Hint: Once again, the answer is neither blue/black nor white/gold.
Earlier this week, in the spirit of a divisive question that tore the Internet apart (“What Color Is This Dress?”), we decided to launch a series about horse colors. Part I tested reader knowledge of Pinto coat patterns; today’s topic is the appaloosa.
Oh, and in case you were curious about the results of our informal reader survey:
Not unlike optically-challenging dresses, Appaloosa coat patterns can be a bit confusing. How well do you know your spots? Let’s find out!
What would you call the coat patterns of the horses below?
Wager your best guess and then check it against the answers below.
Photos/text shared under the Creative Commons Attribution-ShareAlike License.
8. Does the Appaloosa Horse Club breed registry accept horses with little or no visible spotting pattern?
9. What gene is responsible for Appaloosa coat coloring?
1. Blanket with spots: A white blanket which has dark spots within the white. The spots are usually the same color as the horse’s base color.
2. Leopard: A white horse with dark spots that flow out over the entire body. Considered an extension of a blanket to cover the whole body.
3. Snowflake: A horse with white spots, flecks, on a dark body. Typically the white spots increase in number and size as the horse ages.
4. Mottled: A few spot leopard that is completely white with only mottled skin showing.
5. Roan blanket or “Frost”: Horses with roaning over the croup and hips. The blanket normally occurs over, but is not limited to, the hip area.
6. Appaloosa roan, marble or varnish roan: Intermixed dark and light hairs with lighter colored area on the forehead, jowls and frontal bones of the face, over the back, loin and hips. Darker areas may appear along the edges of the frontal bones of the face as well and also on the legs, stifle, above the eye, point of the hip and behind the elbow. The dark points over bony areas are called “varnish marks” and distinguish this pattern from a traditional roan.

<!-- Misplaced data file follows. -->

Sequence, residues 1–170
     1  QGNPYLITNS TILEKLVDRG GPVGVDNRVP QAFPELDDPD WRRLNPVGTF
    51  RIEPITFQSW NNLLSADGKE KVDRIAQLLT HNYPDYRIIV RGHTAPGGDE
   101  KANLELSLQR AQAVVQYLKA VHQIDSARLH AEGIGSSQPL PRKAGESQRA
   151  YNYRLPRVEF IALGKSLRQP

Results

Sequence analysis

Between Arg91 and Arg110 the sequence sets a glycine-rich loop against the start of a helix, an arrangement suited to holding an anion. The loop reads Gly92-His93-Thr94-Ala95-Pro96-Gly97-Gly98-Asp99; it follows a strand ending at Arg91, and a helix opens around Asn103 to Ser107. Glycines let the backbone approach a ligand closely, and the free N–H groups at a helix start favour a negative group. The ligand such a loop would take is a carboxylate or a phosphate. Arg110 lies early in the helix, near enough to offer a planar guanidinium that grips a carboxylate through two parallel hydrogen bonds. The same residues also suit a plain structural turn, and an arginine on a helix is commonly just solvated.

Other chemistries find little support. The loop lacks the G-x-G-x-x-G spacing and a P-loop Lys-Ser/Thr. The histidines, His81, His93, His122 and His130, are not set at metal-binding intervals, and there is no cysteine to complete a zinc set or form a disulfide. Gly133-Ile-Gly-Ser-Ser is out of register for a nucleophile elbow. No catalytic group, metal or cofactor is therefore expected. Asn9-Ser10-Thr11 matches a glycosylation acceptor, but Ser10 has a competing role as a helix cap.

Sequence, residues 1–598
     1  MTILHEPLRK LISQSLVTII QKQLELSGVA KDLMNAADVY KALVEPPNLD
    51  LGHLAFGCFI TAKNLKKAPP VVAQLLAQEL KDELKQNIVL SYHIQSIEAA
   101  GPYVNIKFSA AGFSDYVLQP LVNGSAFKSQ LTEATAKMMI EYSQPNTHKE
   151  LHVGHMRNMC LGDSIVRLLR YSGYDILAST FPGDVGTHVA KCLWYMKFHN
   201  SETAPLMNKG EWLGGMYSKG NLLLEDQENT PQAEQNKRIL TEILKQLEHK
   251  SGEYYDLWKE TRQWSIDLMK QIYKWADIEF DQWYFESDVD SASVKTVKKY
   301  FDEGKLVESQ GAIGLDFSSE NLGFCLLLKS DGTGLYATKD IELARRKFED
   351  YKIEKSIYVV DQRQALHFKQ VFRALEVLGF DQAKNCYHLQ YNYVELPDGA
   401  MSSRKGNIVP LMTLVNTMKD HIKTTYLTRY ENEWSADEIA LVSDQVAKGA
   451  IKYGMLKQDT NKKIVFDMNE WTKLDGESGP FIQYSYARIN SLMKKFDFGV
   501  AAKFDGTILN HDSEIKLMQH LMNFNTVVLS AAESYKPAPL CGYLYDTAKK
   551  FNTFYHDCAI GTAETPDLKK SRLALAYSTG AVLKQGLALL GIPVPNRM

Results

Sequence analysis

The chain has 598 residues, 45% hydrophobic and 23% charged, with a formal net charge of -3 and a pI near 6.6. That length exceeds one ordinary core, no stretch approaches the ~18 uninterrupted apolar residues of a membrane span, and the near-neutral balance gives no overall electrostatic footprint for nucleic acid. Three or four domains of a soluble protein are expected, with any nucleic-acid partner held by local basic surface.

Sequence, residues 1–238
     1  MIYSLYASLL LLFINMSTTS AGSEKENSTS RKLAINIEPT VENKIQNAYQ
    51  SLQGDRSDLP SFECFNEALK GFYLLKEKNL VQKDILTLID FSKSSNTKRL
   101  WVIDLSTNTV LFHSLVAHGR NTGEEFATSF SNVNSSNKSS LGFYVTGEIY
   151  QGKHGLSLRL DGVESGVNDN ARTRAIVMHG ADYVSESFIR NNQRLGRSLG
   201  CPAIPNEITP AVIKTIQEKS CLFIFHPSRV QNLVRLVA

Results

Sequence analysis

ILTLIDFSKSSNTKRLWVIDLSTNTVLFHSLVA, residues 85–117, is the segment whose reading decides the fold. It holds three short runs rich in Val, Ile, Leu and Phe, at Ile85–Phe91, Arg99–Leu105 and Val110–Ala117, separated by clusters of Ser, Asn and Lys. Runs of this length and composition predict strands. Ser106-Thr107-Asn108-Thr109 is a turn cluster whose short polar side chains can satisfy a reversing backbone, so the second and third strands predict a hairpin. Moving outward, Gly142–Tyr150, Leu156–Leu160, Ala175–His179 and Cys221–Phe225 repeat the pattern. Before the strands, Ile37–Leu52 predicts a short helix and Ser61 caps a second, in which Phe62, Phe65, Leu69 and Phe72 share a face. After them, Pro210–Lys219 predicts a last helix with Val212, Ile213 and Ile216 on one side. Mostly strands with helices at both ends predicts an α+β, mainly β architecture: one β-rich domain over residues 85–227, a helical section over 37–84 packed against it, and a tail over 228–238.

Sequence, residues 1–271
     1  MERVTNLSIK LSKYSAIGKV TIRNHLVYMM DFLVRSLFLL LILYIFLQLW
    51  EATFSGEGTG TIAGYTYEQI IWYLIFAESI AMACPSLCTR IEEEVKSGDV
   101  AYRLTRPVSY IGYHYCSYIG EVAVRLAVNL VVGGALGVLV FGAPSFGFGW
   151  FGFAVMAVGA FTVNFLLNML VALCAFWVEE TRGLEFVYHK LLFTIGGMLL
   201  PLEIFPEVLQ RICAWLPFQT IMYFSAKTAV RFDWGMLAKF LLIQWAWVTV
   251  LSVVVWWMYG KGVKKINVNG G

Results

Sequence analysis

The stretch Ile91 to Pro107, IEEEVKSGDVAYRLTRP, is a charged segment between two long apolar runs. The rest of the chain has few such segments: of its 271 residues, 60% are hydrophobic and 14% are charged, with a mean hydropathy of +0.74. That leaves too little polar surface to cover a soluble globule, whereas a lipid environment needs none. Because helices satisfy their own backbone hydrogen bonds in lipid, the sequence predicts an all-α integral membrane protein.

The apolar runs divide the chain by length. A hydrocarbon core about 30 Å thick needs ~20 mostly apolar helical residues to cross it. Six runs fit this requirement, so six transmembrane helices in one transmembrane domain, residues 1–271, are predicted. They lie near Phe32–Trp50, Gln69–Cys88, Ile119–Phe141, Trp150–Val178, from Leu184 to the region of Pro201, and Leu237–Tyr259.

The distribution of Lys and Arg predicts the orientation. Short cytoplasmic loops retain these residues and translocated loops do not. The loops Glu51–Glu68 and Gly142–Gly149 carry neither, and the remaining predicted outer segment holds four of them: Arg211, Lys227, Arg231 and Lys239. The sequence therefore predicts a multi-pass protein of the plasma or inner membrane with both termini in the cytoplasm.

7. Blanket or “Snowcap”: A solid white area normally over, but not limited to, the hip area with a contrasting base color.
8. The ApHC recognizes the concept of a “solid” horse, which has a base color “but no contrasting color in the form of an Appaloosa coat pattern.” Solid horses can be registered if they have mottled skin and one other leopard complex characteristic.
Appaloosas are not strictly a “color breed.” All ApHC-registered Appaloosas must be the offspring of two registered Appaloosa parents or a registered Appaloosa and a horse from an approved breed registry, which includes Arabian horses, Quarter Horses and Thoroughbreds. In all cases, one parent must always be a regular registered Appaloosa. The only exception to the bloodline requirements is in the case of Appaloosa-colored geldings or spayed mares with unknown pedigrees; owners may apply for “hardship registration” for these non-breeding horses.
The ApHC does not accept horses with draft, pony, pinto, or paint breeding, and requires mature Appaloosas to stand, unshod, at least 14 hands (56 inches, 142 cm). If a horse has excessive white markings not associated with the Appaloosa pattern (such as those characteristic of a Pinto) it cannot be registered unless it is verified through DNA testing that both parents have ApHC registration.
9. Any horse that shows Appaloosa core characteristics of coat pattern, mottled skin, striped hooves, and a visible white sclera, carries at least one allele of the dominant “leopard complex” (LP) gene.
Are you seeing spots yet? Share your results in the comments section below! And keep it tuned to Horse Nation for Part III, coming soon. The topic: crazy facial markings!